Following continuous mating for one month, young and aged males produced eight and four pups/litter, respectively. Furthermore, treating aged mice with young sEVs produced nearly as many pups as young males.

Aged mice treated with young sEVs also exhibited higher oxygen consumption and carbon dioxide production than PBS recipients, thus suggesting partial restoration of metabolic health to the levels of young mice. Treatment also significantly improved echocardiography parameters and bone architecture in aged mice. Magnetic resonance imaging (MRI) showed cortical atrophy in aged mice, which was mitigated upon treatment with young sEVs.

Aged mice exhibited increased senescence-associated β-galactosidase (SA-β-gal) activity in the spleen, kidney, liver, lung, testis, and hippocampus compared to young mice. However, treating aged mice with young sEVs, even for two weeks, led to a rapid reduction in SA-β-gal levels in these organs.

Young sEV treatment also restored intracellular reactive oxygen species (ROS) levels in aged mice to those observed in young mice and eliminated the accumulation of excess advanced glycation end products. Proteomic analyses indicated that young sEVs might reverse age-associated degenerative changes and exert rejuvenating effects.

The researchers also evaluated the effects of treatment with sEVs isolated from young humans on age-related impairments in mice. To this end, treating aged mice with sEVs from young humans effectively ameliorated their cognitive deficits, enhanced endurance capacity, and supported the recovery of mitochondrial activity in the muscle.

While sEVs efficiently transport nucleic acids, proteins, and lipids, most studies have focused on the ribonucleic acid (RNA) component of sEVs, particularly microRNAs (miRNAs). To elucidate the role of certain miRNAs in plasma sEVs, the differential expression of miRNAs was assessed in plasma between young and aged mice through small RNA deep sequencing.

Additional experiments identified representative miRNA cargoes of young and aged sEVs. More specifically, miR-455-3p, miR-144-3p, and miR-149-5p represented the young state, whereas miR-34a-5p, miR-29a-3p, and miR-29c-3p represented the aged state. Notably, peroxisome proliferator-activated receptor γ coactivator 1 α (PGC-1α) was a common target negatively regulated by miR-34a-5p, miR-29a-3p, and miR-29c-3p.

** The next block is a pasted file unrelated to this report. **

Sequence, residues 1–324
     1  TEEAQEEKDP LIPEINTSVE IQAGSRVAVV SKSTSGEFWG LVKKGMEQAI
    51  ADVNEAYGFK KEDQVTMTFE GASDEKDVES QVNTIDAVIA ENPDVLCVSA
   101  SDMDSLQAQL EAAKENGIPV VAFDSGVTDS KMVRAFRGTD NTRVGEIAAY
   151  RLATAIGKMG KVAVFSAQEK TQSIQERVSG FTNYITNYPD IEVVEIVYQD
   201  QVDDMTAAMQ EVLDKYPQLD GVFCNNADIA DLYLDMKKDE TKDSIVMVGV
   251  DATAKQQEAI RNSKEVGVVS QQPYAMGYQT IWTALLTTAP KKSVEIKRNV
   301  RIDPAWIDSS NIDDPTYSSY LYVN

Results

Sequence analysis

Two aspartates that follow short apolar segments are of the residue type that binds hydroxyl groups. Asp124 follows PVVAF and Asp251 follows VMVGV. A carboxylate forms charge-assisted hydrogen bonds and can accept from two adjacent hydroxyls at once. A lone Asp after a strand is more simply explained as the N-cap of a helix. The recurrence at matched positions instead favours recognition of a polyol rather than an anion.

Furthermore, miR-455-3p, miR-144-3p, and miR-149-5p could be indirect stimulators of PGC-1α, as their downstream target genes show an inverse correlation with PGC-1α. Aged mice exhibited significantly reduced levels of PGC-1α expression in the muscle and hippocampus compared to young mice, and young sEV treatment of aged mice increased its expression.

Silencing PGC-1α using a small-interfering RNA (siRNA) significantly diminished the benefits observed with young sEV treatment on mitochondrial respiration. Additional investigations confirmed that miR-455-3p, miR-144-3p, and miR-149-5p in young sEVs were rejuvenating miRNAs, whereas miR-34a-5p, miR-29a-3p, and miR-29c-3p in aged sEVs were pro-aging miRNAs.

Conclusions

Repeated administration of young sEVs enhanced the physiologic function and physical performance of aged mice. In the short term, young sEV treatment rapidly improved the whole body. In contrast, young sEV treatment revitalized the performance and properties of aged tissues to levels observed in young mice over longer periods.

Taken together, the study findings indicate that young sEVs could lead to promising opportunities to rejuvenate aging tissues and improve well-being and lifespan.

Journal reference:
  • Chen, X., Luo, Y., Zhu, Q., et al. (2024). Small extracellular vesicles from young plasma reverse age-related functional declines by improving mitochondrial energy metabolism. Nature Aging. doi:10.1038/s43587-024-00612-4
Tarun Sai Lomte

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Tarun Sai Lomte

Tarun is a writer based in Hyderabad, India. He has a Master’s degree in Biotechnology from the University of Hyderabad and is enthusiastic about scientific research. He enjoys reading research papers and literature reviews and is passionate about writing.